Surely I dreamt today, or did I see
The winged Psyche with awaken'd eyes?
The winged Psyche with awaken'd eyes?
John Keats: from Ode to Psyche, 1819
Gora Piezczana Nature Reserve, Poland: photo by Yarl, 2009
Psyche’s clear lake riverhood shining looking glass cold
Mirrored my life back up to me from the depths of that hollow bowl
TC: from Fractured Karma, 1990
Twilight, Lago Nahuel Huapi, Neuquén, Argentine Patagonia: photo by Cristina Bozzoli, 2007
And at the core of every anima fascination is the irresistible beauty of that most beautiful of all created forms, Psyche. Erotic desire, as the Platonic Socrates makes clear, is always toward the beautiful: "To love is to bring forth upon the beautiful, both in body and in soul" (Symposium 206B). That which attracts us most of all, more than even the Goddess of Beauty, Aphrodite, is the mortal Psyche, the mortal human psyche.... In a man's dreams the anima is often the image for neuro-vegetative symptoms and emotional lability; that is, she represents the semisomatic events which are not yet psychic experiences, which have not yet undergone enough psychization. In these dreams she is closed off, under water, "unable to come out"; or she is as magical and incomprehensible as the symptoms themselves... sometimes she is drowned... -- in need of care...
James Hillman: from On Psychological Creativity, in The Myth of Analysis: Three Essays in Archetypal Psychology, 1972
Nymphéas (Water Lilies): Claude Monet, 1919; image by Timothy K Hamilton, 11 January 2006 (St. Louis Art Museum)
One hot July night a young city couple, having driven out and parked on the shore of White Rock Lake, switched on the headlights of the car and saw a white figure approaching. As the figure came straight to the driver's window, they saw it was a young girl dressed in a sheer white dress that was dripping wet. She spoke in a somewhat faltering voice.
I'm sorry to intrude, and I would not under any other circumstances, but I must find a way home immediately. I was in a boat that overturned. The others are safe. But I must get home.
She climbed into the rumble seat, saying that she did not wish to get the young lady wet, and gave them an address in Oak Cliff, on the opposite side of Dallas. The young couple felt an uneasiness concerning their strange passenger, and as they neared the destination the girl, to avoid hunting the address, turned to the rumble seat to ask directions. The rumble seat was empty, but still wet.
After a brief, futile search for the girl in white, the couple went to the address she had given and were met at the door by a man whose face showed lines of worry. When he had heard the couple's story, the man replied in a troubled voice. "This is a very strange thing. You are the third couple who has come to me with this story. Three weeks ago, while sailing on White Rock Lake, my daughter was drowned."
Anne Clark: The Ghost of White Rock, from Backwoods to Border, Texas Folklore Society, 1943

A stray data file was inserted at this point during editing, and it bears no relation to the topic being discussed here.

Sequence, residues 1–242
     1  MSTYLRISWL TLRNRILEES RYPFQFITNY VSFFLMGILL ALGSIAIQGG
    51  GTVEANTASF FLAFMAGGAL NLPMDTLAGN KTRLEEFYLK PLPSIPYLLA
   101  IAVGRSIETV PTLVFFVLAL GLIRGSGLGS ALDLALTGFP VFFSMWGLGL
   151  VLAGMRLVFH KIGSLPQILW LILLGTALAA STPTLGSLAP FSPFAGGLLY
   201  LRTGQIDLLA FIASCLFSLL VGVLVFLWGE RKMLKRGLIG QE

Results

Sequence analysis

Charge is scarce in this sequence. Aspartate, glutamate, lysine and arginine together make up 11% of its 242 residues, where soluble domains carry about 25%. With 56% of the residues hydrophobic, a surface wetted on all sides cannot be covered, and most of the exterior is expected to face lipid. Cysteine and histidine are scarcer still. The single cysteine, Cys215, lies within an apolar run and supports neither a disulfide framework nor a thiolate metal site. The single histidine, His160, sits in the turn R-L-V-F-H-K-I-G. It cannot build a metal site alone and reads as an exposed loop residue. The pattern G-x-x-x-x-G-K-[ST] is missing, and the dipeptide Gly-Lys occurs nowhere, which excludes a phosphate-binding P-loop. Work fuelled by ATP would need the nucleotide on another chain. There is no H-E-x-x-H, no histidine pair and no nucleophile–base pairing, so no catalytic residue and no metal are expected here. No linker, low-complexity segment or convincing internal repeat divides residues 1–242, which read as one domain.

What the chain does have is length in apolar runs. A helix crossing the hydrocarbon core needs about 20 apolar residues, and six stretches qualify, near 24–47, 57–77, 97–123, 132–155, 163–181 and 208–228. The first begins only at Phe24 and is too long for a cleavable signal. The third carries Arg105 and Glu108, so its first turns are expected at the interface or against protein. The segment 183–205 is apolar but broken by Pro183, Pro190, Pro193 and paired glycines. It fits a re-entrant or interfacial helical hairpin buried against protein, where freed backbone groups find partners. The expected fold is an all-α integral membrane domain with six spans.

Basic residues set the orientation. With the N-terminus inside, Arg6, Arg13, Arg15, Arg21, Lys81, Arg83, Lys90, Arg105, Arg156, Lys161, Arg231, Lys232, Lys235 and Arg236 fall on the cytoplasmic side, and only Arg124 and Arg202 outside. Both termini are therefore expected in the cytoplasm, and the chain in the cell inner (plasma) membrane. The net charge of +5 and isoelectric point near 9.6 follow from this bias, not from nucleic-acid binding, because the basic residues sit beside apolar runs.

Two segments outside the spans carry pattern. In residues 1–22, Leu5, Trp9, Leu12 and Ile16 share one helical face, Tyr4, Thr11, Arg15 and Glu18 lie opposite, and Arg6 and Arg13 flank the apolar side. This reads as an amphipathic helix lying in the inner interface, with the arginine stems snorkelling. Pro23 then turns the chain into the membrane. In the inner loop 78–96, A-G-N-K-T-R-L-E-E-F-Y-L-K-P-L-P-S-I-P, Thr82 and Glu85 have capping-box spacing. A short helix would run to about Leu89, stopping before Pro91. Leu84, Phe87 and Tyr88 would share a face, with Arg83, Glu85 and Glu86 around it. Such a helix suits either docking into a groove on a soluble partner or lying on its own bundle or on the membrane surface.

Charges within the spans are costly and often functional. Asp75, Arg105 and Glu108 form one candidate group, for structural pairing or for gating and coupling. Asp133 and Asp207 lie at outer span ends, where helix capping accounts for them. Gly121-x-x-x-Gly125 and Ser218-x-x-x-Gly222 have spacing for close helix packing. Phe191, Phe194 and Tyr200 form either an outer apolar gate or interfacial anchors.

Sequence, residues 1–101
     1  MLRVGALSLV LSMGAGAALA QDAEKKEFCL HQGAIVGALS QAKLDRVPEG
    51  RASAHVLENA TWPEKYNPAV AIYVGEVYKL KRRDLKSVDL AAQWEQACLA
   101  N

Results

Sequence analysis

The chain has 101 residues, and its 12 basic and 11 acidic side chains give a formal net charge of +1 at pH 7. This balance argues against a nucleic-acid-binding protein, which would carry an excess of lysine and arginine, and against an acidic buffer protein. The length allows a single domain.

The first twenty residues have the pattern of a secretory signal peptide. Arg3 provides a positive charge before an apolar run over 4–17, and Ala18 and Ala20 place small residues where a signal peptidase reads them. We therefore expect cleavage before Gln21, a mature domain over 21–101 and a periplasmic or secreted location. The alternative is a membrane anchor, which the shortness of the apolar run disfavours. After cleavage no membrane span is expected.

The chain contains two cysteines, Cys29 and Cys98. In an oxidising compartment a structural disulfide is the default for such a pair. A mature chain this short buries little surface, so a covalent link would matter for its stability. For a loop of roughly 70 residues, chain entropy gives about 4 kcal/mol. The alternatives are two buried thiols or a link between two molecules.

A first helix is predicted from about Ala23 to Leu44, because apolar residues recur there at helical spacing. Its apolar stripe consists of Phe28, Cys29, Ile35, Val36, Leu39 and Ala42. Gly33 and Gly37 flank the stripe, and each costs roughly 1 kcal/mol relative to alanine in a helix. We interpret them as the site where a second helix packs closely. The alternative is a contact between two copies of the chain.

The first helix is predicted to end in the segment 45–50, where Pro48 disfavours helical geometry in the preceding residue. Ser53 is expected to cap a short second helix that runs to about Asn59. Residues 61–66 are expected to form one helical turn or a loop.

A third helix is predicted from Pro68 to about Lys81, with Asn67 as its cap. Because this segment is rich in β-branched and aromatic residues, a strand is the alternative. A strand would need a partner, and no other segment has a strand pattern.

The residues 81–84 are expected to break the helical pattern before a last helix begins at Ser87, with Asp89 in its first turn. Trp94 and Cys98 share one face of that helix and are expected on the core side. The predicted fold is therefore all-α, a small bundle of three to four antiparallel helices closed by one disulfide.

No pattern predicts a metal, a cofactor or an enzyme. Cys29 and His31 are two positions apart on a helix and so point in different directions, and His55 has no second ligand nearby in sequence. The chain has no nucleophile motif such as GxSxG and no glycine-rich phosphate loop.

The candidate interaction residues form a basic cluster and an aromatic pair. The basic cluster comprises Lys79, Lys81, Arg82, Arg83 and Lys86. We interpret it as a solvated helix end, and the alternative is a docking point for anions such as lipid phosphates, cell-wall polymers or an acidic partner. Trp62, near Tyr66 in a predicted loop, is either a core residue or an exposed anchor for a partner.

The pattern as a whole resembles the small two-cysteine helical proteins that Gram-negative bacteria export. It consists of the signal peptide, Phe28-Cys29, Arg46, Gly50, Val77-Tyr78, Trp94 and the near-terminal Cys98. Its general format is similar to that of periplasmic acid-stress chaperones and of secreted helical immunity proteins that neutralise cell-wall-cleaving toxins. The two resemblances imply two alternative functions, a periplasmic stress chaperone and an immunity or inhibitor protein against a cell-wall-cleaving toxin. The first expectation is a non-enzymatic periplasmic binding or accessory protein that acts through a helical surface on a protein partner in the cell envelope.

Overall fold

Glycines (Wisteria): Claude Monet, 1917/1920; image by mariuszj8, 2011 (Musée Marmottan, Paris)
One night about ten years ago a beautiful blonde girl ghost appeared on a road near Dallas' White Rock Lake.
Mr. and Mrs. Guy Malloy, directors for display for the world-famous specialty store, Neiman-Marcus, saw the girl. Only they didn't recognize her, right off, for a ghost. She had walked up from the beach. And she stood there in the headlights of the slow-moving Malloy car. Mrs. Malloy said, "Stop, Guy. That girl seems in trouble. She must have fallen in the lake. Her dress is wet. Yet you can tell that it is a very fine dress. She certainly got it at the Store."
By "the Store," Mrs. Malloy meant the Neiman-Marcus Company of Dallas.
The girl spoke in a friendly, cultured contralto to the couple after the car had stopped. She said she'd like to be taken to an address on Gaston Avenue in the nearby Lakewood section. It was an emergency she said. She didn't explain what had happened to her, and the Malloys were too polite to ask. She had long hair, which was beginning to dry in the night breeze. And Mrs. Malloy was now sure that this girl was wearing a Neiman-Marcus dress. She was very gracious as she slipped by Mrs. Malloy and got in the back seat of the two-door sedan.
When the car started, Mrs. Malloy turned to converse with the passenger in the Neiman-Marcus gown. The girl had vanished. There was a damp spot on the back seat.
The Malloys went to the address on Gaston Avenue. A middle-aged man answered the door. Yes, he had a daughter with long blonde hair who wore nothing but Neiman-Marcus clothes. She had been drowned about two years before when she fell off a pier at White Rock Lake.
The point of this story -- for our purposes -- is not that Mr. and Mrs. Guy Malloy, a hard-working, sober, no-nonsense couple, say very firmly that they saw a ghost. Other folks say they have seen the beautiful girl ghost of White Rock. The point of this story is that she was a very well-dressed ghost. And Mrs. Malloy at once identified her as wearing Neiman-Marcus clothes.
Frank X. Tolbert: from Neiman-Marcus, Texas: The Story of the Proud Dallas Store, 1953
James Bowen and his wife Julia, sailing on White Rock Lake in the summer of 1940. Mr. Bowen was an avid member of the Corinthian Sailing Club in the late 1930’s and early 1940’s. He designed and built several fast and beautiful sailboats in the garage of his home located on Ross Avenue in Dallas, Texas. He built the boats specifically for club sponsored racing events on White Rock Lake: photographer unknown, 9 August 1940; photo courtesy of Julia Bowen; image by Decodence, 13 September 2011
Nymphéas (Water Lilies): Claude Monet, 1914/1917; image by Claude Desjardin, 24 November 2010
Lilly Lake (Colorado): photo by Trojan, 2004
Mallard, White Rock Lake, Dallas, Texas: photo by Dodge Rock, 23 April 2012